03 August 2006 Life

The Eye of the Storm

The weather around here was forecasted to be pretty bad today, I heard they even got tornadoes near Guelph and Waterloo. The past few days have been blistering hot, so the winds and downpour tonight came as somewhat of a relief.

I was sitting in my living room, watching TV, when at about 8:30 the whole sky outside darkened instantly. I stepped outside to see what was up, and I could see, directly above me, the dividing line between a clear blue sky and thick, black thunderclouds. The storm was moving in quickly, and in about 15 minutes it passed. But in that quarter of an hour, I couldn’t believe how rapidly the weather changed.

The first thing I noticed was that the wind started to pick up. The trees in my backyard started rustling, and I put the lawn chairs that were out in the storage shed. I stood there, watching the clouds move closer as the wind kept getting faster. I thought I saw funnel clouds forming once or twice, only to be swept away by the moving mass of clouds before they got a chance to do any harm.

The first few drops of rain were a welcome change to the humid and sticky air that was around me, even with all the wind. As the trees continued to sway and bend, and small waves formed in my pool, tiny drops of rain fell sporadically on my face. Yet, this was only an indication of what was to come.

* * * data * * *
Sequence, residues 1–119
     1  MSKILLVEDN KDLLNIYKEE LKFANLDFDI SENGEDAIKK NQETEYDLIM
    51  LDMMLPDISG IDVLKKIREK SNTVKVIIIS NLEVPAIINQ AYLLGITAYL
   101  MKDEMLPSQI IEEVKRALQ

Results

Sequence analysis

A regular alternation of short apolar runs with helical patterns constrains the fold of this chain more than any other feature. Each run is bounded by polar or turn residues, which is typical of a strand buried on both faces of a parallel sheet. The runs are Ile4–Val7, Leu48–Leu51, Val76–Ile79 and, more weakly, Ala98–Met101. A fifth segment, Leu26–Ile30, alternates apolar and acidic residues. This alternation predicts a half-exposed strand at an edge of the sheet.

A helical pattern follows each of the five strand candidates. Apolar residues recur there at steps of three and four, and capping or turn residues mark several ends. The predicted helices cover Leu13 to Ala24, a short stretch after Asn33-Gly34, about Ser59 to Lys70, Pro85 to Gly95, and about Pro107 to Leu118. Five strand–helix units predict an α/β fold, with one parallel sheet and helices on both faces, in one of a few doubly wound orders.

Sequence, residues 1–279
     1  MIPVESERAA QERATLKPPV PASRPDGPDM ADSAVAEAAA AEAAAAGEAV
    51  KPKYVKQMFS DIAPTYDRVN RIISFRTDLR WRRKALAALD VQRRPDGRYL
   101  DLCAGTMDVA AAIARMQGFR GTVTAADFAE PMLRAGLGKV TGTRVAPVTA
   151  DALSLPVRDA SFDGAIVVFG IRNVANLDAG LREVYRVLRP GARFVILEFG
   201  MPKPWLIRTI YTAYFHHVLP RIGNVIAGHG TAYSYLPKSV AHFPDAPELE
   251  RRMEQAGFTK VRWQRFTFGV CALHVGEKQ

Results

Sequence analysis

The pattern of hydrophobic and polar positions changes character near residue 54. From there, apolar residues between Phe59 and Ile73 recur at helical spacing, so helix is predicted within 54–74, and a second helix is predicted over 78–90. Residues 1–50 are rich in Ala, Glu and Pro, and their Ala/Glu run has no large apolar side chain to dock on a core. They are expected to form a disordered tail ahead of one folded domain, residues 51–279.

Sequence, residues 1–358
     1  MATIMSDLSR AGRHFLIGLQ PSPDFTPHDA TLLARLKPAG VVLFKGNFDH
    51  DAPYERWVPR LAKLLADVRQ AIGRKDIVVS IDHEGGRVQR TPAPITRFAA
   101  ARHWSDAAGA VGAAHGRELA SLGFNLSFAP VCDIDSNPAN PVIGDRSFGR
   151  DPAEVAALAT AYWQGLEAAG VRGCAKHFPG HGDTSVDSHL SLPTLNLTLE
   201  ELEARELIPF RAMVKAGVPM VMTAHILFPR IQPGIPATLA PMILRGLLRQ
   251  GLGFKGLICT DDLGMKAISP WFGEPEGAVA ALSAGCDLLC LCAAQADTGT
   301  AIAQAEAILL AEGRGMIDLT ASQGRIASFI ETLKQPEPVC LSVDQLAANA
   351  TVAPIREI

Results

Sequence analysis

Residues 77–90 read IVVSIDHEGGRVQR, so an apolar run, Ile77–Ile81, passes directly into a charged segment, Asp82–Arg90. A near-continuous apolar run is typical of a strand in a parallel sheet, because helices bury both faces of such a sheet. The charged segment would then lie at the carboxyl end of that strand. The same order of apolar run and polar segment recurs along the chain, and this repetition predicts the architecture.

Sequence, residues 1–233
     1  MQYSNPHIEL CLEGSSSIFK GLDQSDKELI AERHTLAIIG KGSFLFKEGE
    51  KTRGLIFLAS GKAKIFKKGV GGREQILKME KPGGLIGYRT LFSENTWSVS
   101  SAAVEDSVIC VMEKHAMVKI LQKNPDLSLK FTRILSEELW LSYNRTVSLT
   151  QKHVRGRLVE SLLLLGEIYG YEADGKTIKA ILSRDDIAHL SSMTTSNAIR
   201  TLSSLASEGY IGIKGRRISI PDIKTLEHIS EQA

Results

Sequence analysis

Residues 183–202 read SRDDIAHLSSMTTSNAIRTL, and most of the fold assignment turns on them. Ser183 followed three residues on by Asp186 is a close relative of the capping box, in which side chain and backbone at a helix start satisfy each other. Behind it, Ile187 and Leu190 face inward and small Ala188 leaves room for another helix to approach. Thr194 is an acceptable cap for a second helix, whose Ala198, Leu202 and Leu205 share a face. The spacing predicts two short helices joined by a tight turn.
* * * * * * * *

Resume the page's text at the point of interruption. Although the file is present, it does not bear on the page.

Suddenly, the rain stopped. The waves in my pool slowed to mere ripples. The trees stopped swaying, in direct contrast to the swirling, churning clouds overhead.

A flash of lightning, followed by a thunderous boom, summoned the the torrential downpour which was to ensue for the next few minutes. Rain fell in sheets, like a bucket of water dumped over an unsuspecting friend. The wind howled, and the air was filled with creaking and thunderclaps. I stood on my porch, sheltered from the downpour, being subject occasionally to a spray of mist from each gust of wind.

Amid the lightning and heavy rain, I saw a small patch of blue in the dark thunderclouds. Then, as quickly as it had begun, the storm ceased. It represented a metaphor for me; I realized just how volatile our lives can be, and that you should try and enjoy every moment, even if you’re in the middle of a storm.

Sam Nabi

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